35mm 4-perf Film Anamorphic 1.3x 16:9

Sebastien Gonon reports from Paris about shooting a major campaign of shampoo commercials on 35mm film (Kodak Vision3) with ARRI 435 cameras using anamorphic lenses (Hawk V-Lite 1.3x squeeze). Vantage Paris supplied the camera and lens package. 

The concept was atmosphere and mood: girl walking, meeting a guy, a hug, beauty, Paris. To help define the look, agency, client and the creative team looked at fashion photographs. The ones they liked had oval bokehs—oblong out of focus highlights. Anamorphic. Sebastien Gonon was the cinematographer.

They decided on 1.3x squeeze Hawk Anamorphics, shooting  on  Kodak Vision3 250D and 500T film, with a 4-perf, full frame anamorphic 1.37:1 aperture. The end result would be television spots, which on most screens worldwide is 1.78:1 (16:9). The math works nicely: 1.3 x 1.37 = 1.78.

Sebastien said, “1.3x anamorphic looks different. It falls off out of focus faster than spherical. It’s contrasty but smoother, and wonderful for faces.” Locations included the Sorbonne, the International Diplomatic Academy, and the Alexander III Bridge (also recently seen in the end scene of Midnight in Paris).

The lens package consisted of almost the entire set of Hawk 1.3x V-Lites: 28, 35, 45, 55, 65, 80, 110 mm, a Hawk-anamorphosed 1.3x Angenieux 24-290 (32-380 T3.2 mm) and a Hawk 1.3x Nikon 300 (400mm T2.3).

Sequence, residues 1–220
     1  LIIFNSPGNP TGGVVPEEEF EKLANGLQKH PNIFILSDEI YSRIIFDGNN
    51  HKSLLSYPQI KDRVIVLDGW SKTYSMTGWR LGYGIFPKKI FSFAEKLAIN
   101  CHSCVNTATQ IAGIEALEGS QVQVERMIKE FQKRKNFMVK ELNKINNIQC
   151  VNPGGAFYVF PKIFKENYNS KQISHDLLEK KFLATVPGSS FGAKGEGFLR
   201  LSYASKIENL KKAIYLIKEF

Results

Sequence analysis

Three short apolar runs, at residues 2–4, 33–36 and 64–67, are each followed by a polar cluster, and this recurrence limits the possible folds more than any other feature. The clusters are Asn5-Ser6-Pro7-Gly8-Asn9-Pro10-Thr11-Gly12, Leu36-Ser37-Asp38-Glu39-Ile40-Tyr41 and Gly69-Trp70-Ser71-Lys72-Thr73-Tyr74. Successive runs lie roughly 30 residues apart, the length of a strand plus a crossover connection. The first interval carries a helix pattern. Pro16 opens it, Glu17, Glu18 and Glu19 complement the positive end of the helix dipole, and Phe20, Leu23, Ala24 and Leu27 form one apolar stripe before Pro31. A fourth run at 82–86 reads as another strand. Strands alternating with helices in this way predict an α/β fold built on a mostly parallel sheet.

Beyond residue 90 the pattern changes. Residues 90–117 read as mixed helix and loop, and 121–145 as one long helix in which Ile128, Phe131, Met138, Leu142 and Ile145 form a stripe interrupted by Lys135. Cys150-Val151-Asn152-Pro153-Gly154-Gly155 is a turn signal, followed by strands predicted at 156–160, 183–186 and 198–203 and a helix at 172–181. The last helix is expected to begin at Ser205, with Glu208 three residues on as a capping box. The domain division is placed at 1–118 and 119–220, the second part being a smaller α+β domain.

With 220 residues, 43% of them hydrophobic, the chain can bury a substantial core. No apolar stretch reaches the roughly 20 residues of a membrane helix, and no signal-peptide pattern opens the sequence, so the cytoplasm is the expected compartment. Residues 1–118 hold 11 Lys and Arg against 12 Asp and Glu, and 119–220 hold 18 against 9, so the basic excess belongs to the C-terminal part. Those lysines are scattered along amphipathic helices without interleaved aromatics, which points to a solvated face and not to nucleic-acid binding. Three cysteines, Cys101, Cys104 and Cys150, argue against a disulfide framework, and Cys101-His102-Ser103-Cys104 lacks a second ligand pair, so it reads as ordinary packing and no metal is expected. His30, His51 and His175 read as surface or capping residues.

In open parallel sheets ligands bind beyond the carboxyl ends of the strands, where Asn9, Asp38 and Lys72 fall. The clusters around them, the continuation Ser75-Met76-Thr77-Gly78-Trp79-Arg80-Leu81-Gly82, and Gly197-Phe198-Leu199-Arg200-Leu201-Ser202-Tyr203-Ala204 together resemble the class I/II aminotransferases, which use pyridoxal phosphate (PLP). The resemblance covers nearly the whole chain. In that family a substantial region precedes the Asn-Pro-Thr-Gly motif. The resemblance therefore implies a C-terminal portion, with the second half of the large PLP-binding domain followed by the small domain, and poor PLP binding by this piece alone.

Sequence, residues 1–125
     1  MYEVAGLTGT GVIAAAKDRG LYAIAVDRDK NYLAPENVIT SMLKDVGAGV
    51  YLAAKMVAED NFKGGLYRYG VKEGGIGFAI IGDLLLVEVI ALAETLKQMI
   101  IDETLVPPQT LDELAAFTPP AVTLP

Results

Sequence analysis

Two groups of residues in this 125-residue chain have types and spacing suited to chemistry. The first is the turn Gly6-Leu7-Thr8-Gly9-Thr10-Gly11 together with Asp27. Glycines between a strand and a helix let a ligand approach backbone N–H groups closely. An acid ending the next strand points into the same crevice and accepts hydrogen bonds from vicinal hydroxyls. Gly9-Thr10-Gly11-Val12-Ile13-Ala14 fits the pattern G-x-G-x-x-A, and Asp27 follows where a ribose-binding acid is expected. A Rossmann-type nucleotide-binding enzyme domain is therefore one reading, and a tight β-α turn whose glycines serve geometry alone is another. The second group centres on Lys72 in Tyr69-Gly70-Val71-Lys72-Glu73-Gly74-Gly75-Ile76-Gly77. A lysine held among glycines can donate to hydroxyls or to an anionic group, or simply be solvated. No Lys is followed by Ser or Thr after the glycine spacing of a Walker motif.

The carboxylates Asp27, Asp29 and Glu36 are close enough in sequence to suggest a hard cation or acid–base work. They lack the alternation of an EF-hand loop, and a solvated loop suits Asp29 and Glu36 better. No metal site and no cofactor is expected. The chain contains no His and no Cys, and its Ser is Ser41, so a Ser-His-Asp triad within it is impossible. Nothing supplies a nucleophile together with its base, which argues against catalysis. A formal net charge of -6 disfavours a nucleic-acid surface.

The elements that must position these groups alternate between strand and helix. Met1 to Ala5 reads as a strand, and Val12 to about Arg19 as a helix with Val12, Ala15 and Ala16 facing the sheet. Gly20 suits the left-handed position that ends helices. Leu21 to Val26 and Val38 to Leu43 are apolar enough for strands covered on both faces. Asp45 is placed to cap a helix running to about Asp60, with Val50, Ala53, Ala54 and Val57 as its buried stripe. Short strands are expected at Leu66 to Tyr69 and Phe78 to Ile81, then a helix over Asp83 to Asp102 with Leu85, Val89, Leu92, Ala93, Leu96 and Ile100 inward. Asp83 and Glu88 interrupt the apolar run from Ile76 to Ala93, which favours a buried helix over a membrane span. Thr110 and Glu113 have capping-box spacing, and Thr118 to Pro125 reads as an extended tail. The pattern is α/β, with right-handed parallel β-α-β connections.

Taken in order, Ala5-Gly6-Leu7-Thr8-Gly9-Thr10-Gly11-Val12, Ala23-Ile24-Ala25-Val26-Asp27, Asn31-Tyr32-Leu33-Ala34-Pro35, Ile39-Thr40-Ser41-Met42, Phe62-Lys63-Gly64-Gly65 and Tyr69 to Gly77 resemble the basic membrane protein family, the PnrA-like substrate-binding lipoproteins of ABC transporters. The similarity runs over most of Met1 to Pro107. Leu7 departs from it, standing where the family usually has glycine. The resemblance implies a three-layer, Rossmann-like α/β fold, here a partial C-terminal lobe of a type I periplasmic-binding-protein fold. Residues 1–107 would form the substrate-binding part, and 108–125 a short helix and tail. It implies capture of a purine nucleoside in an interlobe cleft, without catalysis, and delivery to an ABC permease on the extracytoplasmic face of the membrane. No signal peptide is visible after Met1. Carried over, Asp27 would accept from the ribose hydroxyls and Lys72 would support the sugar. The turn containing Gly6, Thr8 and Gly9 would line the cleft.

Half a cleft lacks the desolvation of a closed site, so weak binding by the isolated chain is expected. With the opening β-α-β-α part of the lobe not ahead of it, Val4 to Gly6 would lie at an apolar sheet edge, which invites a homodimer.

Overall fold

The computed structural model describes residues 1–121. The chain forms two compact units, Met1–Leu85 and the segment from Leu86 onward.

The camera package included an Arriflex 435 camera with IVS-HD, shooting at 60, 90 and 150 fps and 1000 foot magazines to avoid constantly reloading their film.

On this production, they wanted a fluid, flexible style. They used a BOA crane, similar to Ken Hill’s Z-Jib with a 3-axis underslung Weaver-Steadman head.

Sebastien Gonon grew up in Saint-Héand, home of Angénieux. In fact, his younger brother works at Angénieux. Sebastien studied math, moved to Paris for a job at Cinecam, then worked as a camera assistant for 7 years, doing a lot of slow motion and Photosonics work. Still photography was first love. He spent weeks and weeks printing his negatives. He uses an analog Leica MP camera and his favorite lens is a classic 75 mm Summicron.

Sebastien said, “It’s not a conflict of film vs digital, because we always combine the two in post. Shooting on film, I find the depth of field is smoother. In digital, the colors feel calculated and interpolated. Maybe I say that because of my math studies. The look, I find, is different. The book that had a huge impact on me is “The Negative” by Ansel Adams. The zone system approach of understanding contrast and other things were the best help I ever got.

“In 4-perf, anamorphic 1.3x squeeze is important because it uses the maximum size of the negative. (466 mm2 compared to 340 mm2 for Super35 1.78 spherical. We want to use more pixels—not to count pixels—but for the look.

“The look is not just higher definition from the full negative. It is the look of the anamorphic bokehs, and from the film, not only the grain, but the intermediate grays and organic colors.”

  • Lab: Digimage Le Lab; Telecine: Medialab
  • Colorist: Didier le Fouest; Focus Puller: Fred Grosso
  • Gaffer: Philippe Gibert; Key Grip: Stéphane Canda

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